Are Your Facebook Fans Even Seeing Your Posts?

Oct 31st, 20113 Comments
Edgerank algorithm as bouncer

Original photo from

You’re feeling good about your Facebook business page:

  • Customized welcome page – check.
  • Fans/likers – check.
  • Friendly, informative wall posts – check.

Then why so few likes and comments on your fan page?

Because your fans might not be seeing your posts at all.

Your content doesn’t get into your fans’ news feed unless and until it passes Facebook secret, proprietary Edgerank algorithm.  In other words, just because you post something does not mean your fans will ever see it!

Getting your posts seen in your fans’ news feeds – News Feed Optimization (NFO) – is a daily challenge for Facebook marketers and community managers.

NFO is crucial because 88% of your fans never return to your fan page once they’ve clicked “Like” – instead, they see and interact with you in their own news feed. And because Facebook has 700 million users who share 30 billion pieces of content every month, many marketers are saying “NFO is the new SEO“.

The all-important EdgeRank of your post is different for each of your fans and is based on three variables:

  1. Affinity or the interest your fan has shown your page.  Has he liked or commented recently on any of your content?  Has he clicked on any of your photos or links?
  2. Weight or importance of your post, which considers the type of content (photo, video, status update, etc) and your fan’s and others’ interaction with it (tags, likes, comments).  A comment gets more weight than a like because your fan is investing more of his time to comment.
  3. Timeliness, not only of your original post but of subsequent interactions.  Posts and comments decay over time which lowers their EdgeRank score.

In a May 2011 webinar, Mari Smith explained several key tips to increase your posts’ EdgeRank. Her recommendations are based on data sources such as SocialBakers, BuddyMedia, BrandGlue as well as her years of experience as a leader in Facebook marketing:

  1. Shorten your posts. According to BuddyMedia, posts of 80 characters or less in length have 27% higher engagement rates.
  2. Use long URLs rather than link shorteners. Again, according to BuddyMedia, engagement rates are 3 times higher for posts that used a full-length URL, most likely because people trust it more.
  3. Post photos and videos, but vary these with status updates, links, apps and questions. Photos tend to get more impressions, likes and comments.
  4. Post in high traffic windows, such as between 9 a.m – 3 p.m. CST, but do experiment and find your own sweet spot.
  5. Consider posting on Fridays, because Facebook’s Happiness Index is 10% higher.
  6. Find your posting frequency “sweet spot”. Mari posts 2-3 times per day and spaces these out by several hours. Dan Zarella recommends that big brands post once every other day. (Jeremiah Owyang says posting too often was the #1 reason people unlike your page, so be sure to monitor your insights for unsubscribes.)
  7. Post manually within Facebook if at all possible, versus using auto-post features available in many third party apps such as NetworkedBlogs, Hootsuite, SocialOomph and Twitter. Not only does Facebook give these auto-posts slightly lower EdgeRank scores, but Facebook also collapses/aggregates 3P posts under a single link such as “See 5 more posts from NetworkedBlogs” in the news feed.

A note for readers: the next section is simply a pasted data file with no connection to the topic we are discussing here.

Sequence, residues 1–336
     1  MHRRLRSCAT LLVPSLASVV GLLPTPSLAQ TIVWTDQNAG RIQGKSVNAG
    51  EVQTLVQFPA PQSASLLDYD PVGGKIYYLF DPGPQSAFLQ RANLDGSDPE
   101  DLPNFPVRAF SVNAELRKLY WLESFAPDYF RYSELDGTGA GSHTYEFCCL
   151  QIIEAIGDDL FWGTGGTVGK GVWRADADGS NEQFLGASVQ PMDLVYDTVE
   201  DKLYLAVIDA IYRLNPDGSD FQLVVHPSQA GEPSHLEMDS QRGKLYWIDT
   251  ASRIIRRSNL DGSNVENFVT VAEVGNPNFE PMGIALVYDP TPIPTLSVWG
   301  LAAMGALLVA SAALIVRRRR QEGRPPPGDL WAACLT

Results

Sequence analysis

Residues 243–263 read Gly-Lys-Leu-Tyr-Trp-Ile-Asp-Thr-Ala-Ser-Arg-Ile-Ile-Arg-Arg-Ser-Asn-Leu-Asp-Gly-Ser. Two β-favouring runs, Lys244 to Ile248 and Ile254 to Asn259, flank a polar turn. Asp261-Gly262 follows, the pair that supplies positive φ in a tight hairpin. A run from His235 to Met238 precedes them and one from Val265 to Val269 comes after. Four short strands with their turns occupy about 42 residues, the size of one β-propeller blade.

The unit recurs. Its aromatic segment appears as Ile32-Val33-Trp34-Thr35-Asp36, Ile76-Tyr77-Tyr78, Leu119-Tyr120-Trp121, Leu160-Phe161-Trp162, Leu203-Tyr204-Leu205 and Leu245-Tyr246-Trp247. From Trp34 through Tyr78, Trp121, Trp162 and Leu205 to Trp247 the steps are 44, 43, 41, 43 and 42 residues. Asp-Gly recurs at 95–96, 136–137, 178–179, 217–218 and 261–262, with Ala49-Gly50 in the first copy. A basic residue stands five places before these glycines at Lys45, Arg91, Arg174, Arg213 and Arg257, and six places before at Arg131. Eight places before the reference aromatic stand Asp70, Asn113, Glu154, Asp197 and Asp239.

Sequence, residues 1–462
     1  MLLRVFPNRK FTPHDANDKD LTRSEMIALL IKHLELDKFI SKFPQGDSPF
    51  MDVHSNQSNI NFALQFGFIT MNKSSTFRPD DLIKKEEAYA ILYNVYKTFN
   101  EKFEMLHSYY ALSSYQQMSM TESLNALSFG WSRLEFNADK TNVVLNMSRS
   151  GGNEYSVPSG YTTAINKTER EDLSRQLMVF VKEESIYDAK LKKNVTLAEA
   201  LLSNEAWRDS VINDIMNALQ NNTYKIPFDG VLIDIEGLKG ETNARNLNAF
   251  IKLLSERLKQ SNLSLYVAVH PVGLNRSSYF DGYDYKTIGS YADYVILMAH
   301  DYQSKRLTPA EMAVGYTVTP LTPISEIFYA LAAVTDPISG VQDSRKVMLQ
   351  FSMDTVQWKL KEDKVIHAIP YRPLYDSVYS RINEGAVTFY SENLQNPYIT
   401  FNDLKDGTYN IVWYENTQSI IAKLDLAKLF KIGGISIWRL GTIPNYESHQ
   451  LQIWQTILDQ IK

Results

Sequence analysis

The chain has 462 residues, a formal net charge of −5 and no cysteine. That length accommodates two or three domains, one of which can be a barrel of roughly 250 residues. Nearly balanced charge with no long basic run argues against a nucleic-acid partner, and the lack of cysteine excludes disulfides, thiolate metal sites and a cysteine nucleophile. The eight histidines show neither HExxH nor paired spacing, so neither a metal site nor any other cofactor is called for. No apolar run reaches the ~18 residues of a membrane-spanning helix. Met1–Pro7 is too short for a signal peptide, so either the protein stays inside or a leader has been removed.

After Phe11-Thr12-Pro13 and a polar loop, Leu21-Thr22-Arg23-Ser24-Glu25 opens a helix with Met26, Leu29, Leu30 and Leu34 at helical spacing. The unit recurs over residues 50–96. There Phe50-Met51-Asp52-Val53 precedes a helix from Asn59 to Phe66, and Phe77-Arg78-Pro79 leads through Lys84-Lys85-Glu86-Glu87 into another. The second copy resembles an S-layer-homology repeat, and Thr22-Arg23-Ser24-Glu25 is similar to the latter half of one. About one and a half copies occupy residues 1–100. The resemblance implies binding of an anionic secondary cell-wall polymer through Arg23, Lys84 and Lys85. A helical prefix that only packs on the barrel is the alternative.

Culture and Engagement

The tips above are really the finer points of Facebook community management.  Don’t neglect the all-important fundamentals:

  • Build your page’s culture. Provide valuable content (your own or others’) so you’ll be known as the source to get answers and solutions for your area of expertise.
  • Encourage interaction.  Ask easy-to-answer questions, do polls, add your own comments to any photos or videos you post, etc
  • Employ a consistent, friendly engagement policy, such as replying within 2 hours, replying to every post, using first names and stripping out spam.

Mari noted that once your Facebook business page has 500-1000 fans, it reaches a tipping point where it begins to get real traction. Until then, use the tips outlined in her 21 Creative Ways to Increase Your Facebook Fanbase. Once your page does gain critical mass, get creative to raise its visibility even more. For example,

  • Mari sometimes has “Fan Page Friday“, where she allows people to post links to their blog, fan page, website, @tags, photos, etc.
  • Social Media Examiner has “Expert Friday” where they have a subject matter expert available for 1 hour to answer live Q&A on their fan page.
  • Set up “Office Hours” where you are live on your page. (Consider promoting this on your profile image or photo strip.) You can do live video or live chat using tools such as Vpype, Livestream, JustinTV, Ustream and Linqto.

Finally, track and test everything you do daily and over time so you’ll uncover what works best for you and your fans.


2 Responses to “Are Your Facebook Fans Even Seeing Your Posts?”

  1. JD Meyer says:

    I’ve been wondering why nobody seems to react to my Facebook postings–even though I recommend serious literature–not trivia “he said; she said” stuff. I plan on re-reading this doc and doing what it says!

  2. Suzanne says:

    Hi JD,
    Thanks for your comment and good luck with your fan page. I plan to write another blog post next week about building engagement on your FB page, so please stay tuned!

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